Filipe Ribeiro: I'm not sure that it will have an impact on the peace deal between the US and the Taliban. Of course it will have an impact in the political landscape in the country, that is for sure. Then coming to us of course he would also have an impact on the way we look and run our operations. For now, we have to assess and to analyse and try to understand what happened to us – and why it happened and then we review our way of working in Afghanistan depending on the findings of this. It’s going to take some time to try to figure out who was behind it, what was the purpose of it and the general objective. It's already quite difficult and it’s going to be a really tough time for us to figure out exactly what happened to us.

Cathy Van Extel: What decisions is MSF making then about your future in Afghanistan? Will it change your work? Is there a risk that you will withdraw?

Filipe Ribeiro: No decision has been made yet with regards to MSF presence in Dasht-e-Barchi. Of course we will have to reconsider the way of working in Kabul at first and maybe in Afghanistan, taking into account what happened to us in Dasht-e-Barchi, in Kabul itself. For the time being, we remain committed. We remain in the country and we stand by the Afghan population.

Cathy Van Extel: You indicated that at this stage no group has taken responsibility for this attack. The indication from the US is that it is ISIS. Do you share that view?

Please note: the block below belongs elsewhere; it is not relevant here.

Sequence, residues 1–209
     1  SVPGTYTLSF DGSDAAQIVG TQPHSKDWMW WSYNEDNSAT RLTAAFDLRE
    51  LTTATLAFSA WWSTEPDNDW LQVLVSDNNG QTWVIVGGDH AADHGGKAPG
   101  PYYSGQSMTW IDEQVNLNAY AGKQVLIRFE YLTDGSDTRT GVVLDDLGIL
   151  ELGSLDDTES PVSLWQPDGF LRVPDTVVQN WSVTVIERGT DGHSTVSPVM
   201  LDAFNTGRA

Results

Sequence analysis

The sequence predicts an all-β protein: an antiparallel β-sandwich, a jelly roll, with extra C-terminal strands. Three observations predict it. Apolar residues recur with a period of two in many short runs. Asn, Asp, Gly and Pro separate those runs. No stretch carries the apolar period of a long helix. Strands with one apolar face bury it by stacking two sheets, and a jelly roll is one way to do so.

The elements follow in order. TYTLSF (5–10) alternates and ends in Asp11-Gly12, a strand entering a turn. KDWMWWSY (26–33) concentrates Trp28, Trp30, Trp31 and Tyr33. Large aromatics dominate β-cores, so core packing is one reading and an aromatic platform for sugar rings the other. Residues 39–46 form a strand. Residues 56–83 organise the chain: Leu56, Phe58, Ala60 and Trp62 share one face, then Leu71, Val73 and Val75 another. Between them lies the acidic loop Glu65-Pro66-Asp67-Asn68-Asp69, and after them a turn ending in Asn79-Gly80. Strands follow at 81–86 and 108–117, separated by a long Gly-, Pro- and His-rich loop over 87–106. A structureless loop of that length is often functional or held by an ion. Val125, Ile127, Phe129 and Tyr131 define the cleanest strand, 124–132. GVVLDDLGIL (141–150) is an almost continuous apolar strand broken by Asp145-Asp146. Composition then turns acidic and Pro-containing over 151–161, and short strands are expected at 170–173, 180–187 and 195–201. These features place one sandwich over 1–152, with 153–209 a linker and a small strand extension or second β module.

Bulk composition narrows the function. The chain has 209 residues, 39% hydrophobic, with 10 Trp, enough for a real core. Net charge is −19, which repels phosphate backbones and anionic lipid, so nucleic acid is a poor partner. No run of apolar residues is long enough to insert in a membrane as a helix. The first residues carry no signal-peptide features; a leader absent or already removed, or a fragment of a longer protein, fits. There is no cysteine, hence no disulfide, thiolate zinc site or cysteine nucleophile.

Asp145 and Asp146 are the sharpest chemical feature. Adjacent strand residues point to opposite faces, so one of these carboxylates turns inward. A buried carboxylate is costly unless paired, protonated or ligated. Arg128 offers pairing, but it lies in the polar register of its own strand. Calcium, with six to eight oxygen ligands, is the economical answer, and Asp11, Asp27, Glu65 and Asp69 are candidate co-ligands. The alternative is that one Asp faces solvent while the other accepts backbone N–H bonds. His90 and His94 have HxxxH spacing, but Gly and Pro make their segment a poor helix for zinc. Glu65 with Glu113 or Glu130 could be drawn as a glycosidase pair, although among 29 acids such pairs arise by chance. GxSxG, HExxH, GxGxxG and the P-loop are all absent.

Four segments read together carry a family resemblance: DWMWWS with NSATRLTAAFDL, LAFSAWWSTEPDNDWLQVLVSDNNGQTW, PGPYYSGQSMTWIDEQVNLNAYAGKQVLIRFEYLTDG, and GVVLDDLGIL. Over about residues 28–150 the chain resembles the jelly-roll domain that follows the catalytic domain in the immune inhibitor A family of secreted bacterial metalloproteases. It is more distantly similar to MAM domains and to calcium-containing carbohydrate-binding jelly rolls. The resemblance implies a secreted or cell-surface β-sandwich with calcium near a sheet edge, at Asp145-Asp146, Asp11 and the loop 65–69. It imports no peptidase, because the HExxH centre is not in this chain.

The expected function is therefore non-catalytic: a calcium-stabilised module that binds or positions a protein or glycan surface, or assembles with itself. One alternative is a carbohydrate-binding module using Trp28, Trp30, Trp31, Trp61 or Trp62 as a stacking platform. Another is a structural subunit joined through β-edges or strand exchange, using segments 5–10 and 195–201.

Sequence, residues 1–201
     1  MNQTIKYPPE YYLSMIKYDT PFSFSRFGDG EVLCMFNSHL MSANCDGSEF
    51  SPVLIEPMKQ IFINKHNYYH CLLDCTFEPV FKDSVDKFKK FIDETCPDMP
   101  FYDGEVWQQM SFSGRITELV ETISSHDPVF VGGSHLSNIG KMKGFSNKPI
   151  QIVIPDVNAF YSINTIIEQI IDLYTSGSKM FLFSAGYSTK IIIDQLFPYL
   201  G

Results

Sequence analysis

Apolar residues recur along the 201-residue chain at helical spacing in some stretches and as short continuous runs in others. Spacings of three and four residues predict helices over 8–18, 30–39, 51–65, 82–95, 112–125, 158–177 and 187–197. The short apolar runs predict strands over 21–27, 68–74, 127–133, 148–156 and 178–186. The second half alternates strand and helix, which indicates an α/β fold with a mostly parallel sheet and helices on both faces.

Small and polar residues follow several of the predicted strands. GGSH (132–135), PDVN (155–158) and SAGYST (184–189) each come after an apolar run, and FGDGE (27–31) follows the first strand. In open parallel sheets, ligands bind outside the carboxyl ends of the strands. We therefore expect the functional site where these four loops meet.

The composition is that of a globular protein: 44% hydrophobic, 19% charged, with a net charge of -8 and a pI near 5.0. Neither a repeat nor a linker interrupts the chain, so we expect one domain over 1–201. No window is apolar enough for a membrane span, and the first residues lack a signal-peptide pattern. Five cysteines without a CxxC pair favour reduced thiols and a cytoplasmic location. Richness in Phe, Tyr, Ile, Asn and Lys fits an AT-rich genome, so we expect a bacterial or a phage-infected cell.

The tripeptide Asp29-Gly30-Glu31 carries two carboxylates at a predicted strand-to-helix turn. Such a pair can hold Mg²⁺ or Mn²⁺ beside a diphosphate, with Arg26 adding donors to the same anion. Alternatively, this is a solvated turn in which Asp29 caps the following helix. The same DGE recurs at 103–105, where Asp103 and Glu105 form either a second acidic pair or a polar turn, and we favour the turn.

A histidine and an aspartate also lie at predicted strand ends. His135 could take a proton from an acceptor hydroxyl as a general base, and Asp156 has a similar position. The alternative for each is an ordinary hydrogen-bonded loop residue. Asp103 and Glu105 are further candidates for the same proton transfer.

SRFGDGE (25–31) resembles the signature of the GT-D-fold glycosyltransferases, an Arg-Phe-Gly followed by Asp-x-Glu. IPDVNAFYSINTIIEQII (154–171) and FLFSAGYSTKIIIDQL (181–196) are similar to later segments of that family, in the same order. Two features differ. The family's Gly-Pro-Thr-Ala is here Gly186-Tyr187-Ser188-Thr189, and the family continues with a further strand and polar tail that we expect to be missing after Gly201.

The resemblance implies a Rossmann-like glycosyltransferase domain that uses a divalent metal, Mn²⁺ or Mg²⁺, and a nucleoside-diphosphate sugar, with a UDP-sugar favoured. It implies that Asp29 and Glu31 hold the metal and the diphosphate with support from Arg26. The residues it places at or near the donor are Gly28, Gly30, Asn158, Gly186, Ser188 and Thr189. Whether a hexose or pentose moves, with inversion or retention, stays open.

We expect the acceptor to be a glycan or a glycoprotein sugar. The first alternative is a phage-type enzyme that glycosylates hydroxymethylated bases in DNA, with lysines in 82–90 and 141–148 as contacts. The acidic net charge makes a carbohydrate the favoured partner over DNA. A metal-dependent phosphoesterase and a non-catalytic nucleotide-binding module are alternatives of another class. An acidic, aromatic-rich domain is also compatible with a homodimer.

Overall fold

Filipe Ribeiro: It's too early to say who is behind and I’m sure one day there have been a lot of attacks in Afghanistan are still unclaimed. At the end of the day what is important for us is to know – are we going to be able to provide medical care to the population within this context? That is our main concern nowadays. 

Cathy Van Extel: This hospital is in one of Kabul's poorest areas and it specialised in care for newborns and premature babies and their mothers. When would you expect to be in a position to make that decision about whether it could reopen?

Filipe Ribeiro: I guess a couple of weeks – the sooner the better and we are working very hard to find out what happened to us in order to be able to take a decision very quickly. But just to give you an idea of what such a maternity means in this neighbourhood of Kabul – it's more than 1,000 deliveries per month – that’s huge, that’s 60 per day. 

Cathy Van Extel: And is their capacity at all in the other hospitals to take on those numbers? What happens?

Filipe Ribeiro: No, unfortunately there is no local capacity to take that in charge. We are reinforcing with material, for some of the local facilities to cope with the demand. We are working with the Ministry of Health to see how we can best respond to the needs – maybe putting in place some kind of evacuation processes for the patients. But surely the local health system is not able to respond to the needs and the absence of MSF will be a great loss for the population. 

Fran Kelly: That’s Filipe Ribeiro, Médecins Sans Frontières Afghanistan’s country representative speaking with Cathy Van Extel.